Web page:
Practising self-care

What is self-care?

A worldwide pandemic, and coaching work with several people directly dealing with Covid 19, has got me thinking a lot about self-care. Self-care is an all-encompassing umbrella term for any activity we undertake that proactively looks after our mental, emotional and physical health. One definition says appropriately given current circumstances: “the practice of taking an active role in protecting one’s own well-being and happiness, in particular during periods of stress”.

Self-care isn’t a selfish act either. It is not only about considering our needs; it is rather about knowing what we need to do in order to take care of ourselves, that allows us to take care of others as well. If I don’t take enough care of myself, I won’t be in the place to give to either my loved ones or my clients. This is a challenge for me, having grown up in a house with a teacher and a nurse as parents, whose philosophy was do things for other people first and then look after yourself; this contemporary idea of self-care is a role reversal of putting others first.

Practicing self-care isn’t always easy. The speed of the modern world, the stress we have in busy lives at work and at home can all mitigate against the need to take time to ourselves. We talk about the idea of “work life balance” but in practice overwork or lack of work-life balance can make people less productive, disorganised and emotionally depleted. In coaching practice self-care comes up time and time again with clients; clients who run businesses and struggle with work-life balance, clients who are senior Managers in organisations dealing with huge pressure due to Covid, clients stuck doing jobs they don’t enjoy but have got boxed in by the salary expectations, or people operating at a senior level in organisations, where they have little “hinterland” of other interests outside of work.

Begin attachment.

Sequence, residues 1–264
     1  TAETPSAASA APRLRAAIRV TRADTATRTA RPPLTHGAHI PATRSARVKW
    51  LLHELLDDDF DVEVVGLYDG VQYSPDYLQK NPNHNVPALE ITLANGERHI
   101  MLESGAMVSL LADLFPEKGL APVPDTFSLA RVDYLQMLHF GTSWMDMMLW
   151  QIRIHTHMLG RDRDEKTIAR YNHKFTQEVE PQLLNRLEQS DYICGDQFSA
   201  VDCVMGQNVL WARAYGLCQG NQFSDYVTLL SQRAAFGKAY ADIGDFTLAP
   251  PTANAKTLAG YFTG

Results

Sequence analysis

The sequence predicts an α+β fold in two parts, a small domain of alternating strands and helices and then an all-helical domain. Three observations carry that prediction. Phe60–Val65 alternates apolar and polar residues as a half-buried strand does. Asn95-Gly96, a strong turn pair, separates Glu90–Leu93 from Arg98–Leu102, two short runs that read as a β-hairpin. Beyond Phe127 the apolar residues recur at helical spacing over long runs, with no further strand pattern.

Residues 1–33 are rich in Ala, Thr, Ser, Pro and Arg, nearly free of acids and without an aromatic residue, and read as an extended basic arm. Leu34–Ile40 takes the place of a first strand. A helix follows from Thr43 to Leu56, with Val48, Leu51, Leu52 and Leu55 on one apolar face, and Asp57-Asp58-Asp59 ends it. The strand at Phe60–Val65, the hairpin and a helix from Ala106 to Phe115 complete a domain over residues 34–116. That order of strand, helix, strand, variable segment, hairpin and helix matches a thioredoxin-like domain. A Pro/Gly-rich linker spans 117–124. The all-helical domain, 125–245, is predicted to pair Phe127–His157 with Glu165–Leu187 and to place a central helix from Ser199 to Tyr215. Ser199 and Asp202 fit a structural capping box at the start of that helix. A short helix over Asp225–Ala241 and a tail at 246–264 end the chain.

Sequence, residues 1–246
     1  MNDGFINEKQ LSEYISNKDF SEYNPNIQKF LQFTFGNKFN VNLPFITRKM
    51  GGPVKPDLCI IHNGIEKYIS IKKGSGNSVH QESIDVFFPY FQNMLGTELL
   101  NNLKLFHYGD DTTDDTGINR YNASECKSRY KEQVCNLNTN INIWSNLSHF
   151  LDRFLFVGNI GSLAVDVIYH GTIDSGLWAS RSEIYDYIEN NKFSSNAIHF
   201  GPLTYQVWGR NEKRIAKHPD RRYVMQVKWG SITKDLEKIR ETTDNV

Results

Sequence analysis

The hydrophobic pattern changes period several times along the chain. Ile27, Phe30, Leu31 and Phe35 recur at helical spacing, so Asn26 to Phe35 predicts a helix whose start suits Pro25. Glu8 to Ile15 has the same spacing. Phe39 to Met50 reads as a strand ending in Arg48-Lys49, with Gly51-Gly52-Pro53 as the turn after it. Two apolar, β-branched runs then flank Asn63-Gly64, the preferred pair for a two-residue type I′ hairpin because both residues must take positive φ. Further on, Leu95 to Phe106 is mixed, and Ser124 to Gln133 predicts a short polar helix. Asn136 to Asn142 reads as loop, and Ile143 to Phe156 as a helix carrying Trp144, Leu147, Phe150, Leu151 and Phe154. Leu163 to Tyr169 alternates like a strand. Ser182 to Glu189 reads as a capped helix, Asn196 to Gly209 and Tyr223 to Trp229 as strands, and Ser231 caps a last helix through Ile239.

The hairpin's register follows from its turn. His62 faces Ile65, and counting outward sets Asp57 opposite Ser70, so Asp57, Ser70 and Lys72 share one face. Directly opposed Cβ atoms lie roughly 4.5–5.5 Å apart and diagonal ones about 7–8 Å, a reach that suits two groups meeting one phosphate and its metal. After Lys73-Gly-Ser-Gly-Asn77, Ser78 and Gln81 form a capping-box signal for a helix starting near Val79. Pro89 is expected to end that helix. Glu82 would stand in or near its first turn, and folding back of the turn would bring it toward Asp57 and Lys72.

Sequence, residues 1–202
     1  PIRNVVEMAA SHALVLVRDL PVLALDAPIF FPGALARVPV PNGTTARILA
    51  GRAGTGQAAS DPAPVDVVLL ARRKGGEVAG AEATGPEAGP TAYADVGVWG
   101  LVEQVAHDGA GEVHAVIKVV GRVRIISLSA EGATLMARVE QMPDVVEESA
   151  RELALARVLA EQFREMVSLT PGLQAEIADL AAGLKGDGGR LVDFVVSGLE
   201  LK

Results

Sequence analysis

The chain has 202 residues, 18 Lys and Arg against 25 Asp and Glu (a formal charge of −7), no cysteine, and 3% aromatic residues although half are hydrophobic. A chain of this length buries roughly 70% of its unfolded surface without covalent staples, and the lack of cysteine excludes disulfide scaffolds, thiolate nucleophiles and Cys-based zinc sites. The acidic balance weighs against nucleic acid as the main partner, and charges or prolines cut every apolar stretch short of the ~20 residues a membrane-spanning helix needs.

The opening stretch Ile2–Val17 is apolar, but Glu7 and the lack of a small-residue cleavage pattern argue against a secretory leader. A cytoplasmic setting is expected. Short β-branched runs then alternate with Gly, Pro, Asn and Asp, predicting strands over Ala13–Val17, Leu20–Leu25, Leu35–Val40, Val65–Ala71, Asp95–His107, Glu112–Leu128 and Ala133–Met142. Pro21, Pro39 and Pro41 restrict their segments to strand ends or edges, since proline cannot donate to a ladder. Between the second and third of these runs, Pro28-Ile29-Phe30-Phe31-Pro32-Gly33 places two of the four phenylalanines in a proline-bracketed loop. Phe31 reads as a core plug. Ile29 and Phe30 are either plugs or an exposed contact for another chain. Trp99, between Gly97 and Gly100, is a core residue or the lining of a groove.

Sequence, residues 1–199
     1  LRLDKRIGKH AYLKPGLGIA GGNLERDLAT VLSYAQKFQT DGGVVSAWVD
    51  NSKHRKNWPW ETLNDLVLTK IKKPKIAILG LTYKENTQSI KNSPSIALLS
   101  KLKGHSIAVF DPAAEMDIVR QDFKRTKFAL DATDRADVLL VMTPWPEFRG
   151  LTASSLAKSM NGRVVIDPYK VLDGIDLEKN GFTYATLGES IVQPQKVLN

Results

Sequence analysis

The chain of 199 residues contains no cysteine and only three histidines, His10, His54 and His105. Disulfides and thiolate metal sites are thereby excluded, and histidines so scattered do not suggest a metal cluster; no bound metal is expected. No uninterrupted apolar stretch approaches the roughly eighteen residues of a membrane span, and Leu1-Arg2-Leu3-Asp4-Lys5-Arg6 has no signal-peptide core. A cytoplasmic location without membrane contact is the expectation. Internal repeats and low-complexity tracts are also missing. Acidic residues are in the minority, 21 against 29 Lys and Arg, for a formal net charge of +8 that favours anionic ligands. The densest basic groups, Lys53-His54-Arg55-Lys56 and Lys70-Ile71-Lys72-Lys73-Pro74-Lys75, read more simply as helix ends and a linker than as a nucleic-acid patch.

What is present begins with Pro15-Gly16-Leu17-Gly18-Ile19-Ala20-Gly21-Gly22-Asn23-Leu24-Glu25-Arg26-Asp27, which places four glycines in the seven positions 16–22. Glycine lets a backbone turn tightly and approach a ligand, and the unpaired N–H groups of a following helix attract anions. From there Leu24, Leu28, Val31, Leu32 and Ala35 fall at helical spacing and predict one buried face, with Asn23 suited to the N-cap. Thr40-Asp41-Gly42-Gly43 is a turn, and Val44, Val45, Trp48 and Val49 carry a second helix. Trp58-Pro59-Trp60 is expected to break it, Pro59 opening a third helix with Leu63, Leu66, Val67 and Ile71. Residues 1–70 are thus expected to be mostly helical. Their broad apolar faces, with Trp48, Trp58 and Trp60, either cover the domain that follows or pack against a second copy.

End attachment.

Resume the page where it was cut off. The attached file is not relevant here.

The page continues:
Self-care is a close cousin of personal resilience, which I have written about, along with other “cousins” like self-compassion and meditation/mindfulness practice.

What does it look like?

Universal wisdom seems to indicate that self-care needs to be something you actively plan, rather than something that just happens. It is an active choice and you should treat it as such.

The sort of areas that it includes are:

  • Physical self-care: eating healthily and regularly (as well as taking time to eat rather than on the run), taking regular exercise and getting enough sleep
  • Psychological self-care: taking time for self-reflection, trying out new things unrelated to work or writing in a journal for example
  • Emotional self-care: spending time with loved ones and friends that fill the emotional reservoir, allowing time for comforting activities (and knowing what these are for oneself), or practising self-compassion through things like affirmations or mindfulness
  • Workplace self-care: taking breaks during the work day, making quiet time to complete tasks, or getting regular supervision and/or peer support from work colleagues

It also includes things like being organised and on top of things, so you can allow yourself the space to prioritise and focus on important tasks; to be fair its always challenging working with clients where in fact they are really quite organised, but the team or the wider organisation they are working in has too much on and/or in crisis.

It could also include holding onto boundaries where we draw imaginary lines around ourselves to maintain balance and protect our bodies, minds, emotions, and time from the behaviour or demands of others, that allow us some of our own space.

Coaching Tools for self-care

  • SELF CARE ACTION PLAN TEMPLATE; a simple 6 step action plan that takes you through steps of how well you look after yourself, the areas of physical, emotional and workplace self care to help you generate ideas for changes and review questions to help you sustain changes
  • Self-Care Assessment: an overall self care assessment that gives you an idea of how well you score in a range of self care areas like physical self-care, emotional self-care and workplace self-care
  • HEALTH CHECK example: using a simple “dashboard” for a client to focus on areas they want to review progress on; what’s going well, what isn’t working and any changes that might need to be made